Sunday, 9 May 2010

Wedgwood and Politics

Reading one of my local newspapers a short while ago, I came across a letter to the editor written by Tom Wedgwood (descendant of Josiah Wedgwood - left- in a portrait by Joshua Reynolds). He had felt compelled to write a response to an earlier letter to the editor, in which one Jordan Huxley had claimed that Josiah Wedgwood had been involved in right-wing politics. Although this was only one comment in a letter otherwise written about The Wedgwood Museum and a political candidate for the general election (backed by Tom Wedgwood), it was this statement that spurred me to write this post,

"Anyone with an ounce of political knowledge would know that in early nineteenth century he was part of the far right," (sic) - Jordan Huxley.

Mr Huxley; might I give you one or two pointers before you pen your next letter? Above all, I would suggest that you firstly check your facts very carefully before going ahead. As any biography (or even the Wikipedia article) of Josiah Wedgwood would tell you, the man died in 1795, five years shy of seeing in the nineteenth century.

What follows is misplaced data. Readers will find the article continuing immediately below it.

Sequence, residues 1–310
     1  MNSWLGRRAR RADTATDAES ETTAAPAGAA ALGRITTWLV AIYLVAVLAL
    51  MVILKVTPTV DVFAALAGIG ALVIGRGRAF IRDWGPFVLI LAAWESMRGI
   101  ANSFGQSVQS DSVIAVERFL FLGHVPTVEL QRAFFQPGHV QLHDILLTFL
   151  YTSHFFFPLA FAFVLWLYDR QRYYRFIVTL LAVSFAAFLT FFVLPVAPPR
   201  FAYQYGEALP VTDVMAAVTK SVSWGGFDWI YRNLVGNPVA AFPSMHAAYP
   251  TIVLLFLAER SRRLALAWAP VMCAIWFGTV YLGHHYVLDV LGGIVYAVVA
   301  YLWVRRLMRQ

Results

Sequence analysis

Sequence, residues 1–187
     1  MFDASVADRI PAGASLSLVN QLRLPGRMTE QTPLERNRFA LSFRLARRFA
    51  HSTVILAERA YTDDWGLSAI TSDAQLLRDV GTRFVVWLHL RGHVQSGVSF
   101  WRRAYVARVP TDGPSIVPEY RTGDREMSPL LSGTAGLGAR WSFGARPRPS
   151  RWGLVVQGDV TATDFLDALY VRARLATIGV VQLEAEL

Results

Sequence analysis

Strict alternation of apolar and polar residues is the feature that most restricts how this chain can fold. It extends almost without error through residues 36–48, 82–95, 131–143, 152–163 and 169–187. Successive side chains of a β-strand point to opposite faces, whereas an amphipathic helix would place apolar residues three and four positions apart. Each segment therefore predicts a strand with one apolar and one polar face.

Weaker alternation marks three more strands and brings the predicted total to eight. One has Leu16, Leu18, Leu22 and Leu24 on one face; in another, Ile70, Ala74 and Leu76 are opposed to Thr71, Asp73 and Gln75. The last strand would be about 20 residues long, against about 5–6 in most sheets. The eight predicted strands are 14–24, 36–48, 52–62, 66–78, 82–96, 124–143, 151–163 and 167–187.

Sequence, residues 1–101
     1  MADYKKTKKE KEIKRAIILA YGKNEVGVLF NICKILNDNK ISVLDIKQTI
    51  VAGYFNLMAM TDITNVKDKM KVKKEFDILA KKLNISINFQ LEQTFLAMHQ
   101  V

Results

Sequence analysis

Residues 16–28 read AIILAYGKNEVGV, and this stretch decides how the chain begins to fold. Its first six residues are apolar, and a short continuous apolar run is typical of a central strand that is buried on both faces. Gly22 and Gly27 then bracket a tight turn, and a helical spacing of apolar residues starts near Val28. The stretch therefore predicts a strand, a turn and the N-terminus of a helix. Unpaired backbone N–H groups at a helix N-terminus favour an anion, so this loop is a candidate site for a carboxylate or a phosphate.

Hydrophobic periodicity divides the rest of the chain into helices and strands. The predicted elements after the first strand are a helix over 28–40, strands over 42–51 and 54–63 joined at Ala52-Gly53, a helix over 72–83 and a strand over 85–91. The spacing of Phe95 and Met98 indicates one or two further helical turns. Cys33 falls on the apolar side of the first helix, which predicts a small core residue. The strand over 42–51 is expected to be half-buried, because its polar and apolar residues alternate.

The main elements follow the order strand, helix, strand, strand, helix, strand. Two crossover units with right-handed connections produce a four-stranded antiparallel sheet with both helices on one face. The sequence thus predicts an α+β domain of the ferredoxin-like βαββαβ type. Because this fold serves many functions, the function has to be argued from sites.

Secondly, Josiah Wedgwood was one of the most prominent advocates for the abolition of slavery. The famous anti-slavery medallion of a chained slave on his knees bearing the caption, Am I Not A Man And A Brother? is one of the most well-known images of the eighteenth century abolitionist movement. It was produced by Wedgwood. No wonder his descendant finds Jordan Huxley's remark, "deeply offensive."

The slightest amount of research yields a huge amount of information about Josiah Wedgwood. His story is not obscure or hard to come by; he is well documented, as such an innovative and remarkable figure should be. Jordan Huxley's views on local politics are as valid as anybody else's and I would never question his right to air his opinion. What I take exception to is his disregard of well-known fact, be it knowingly or not. It's an unsound and unsupportable way to put forward an argument, and unfortunately ends up falling flat...

For Tom Wedgwood's letter, click here.

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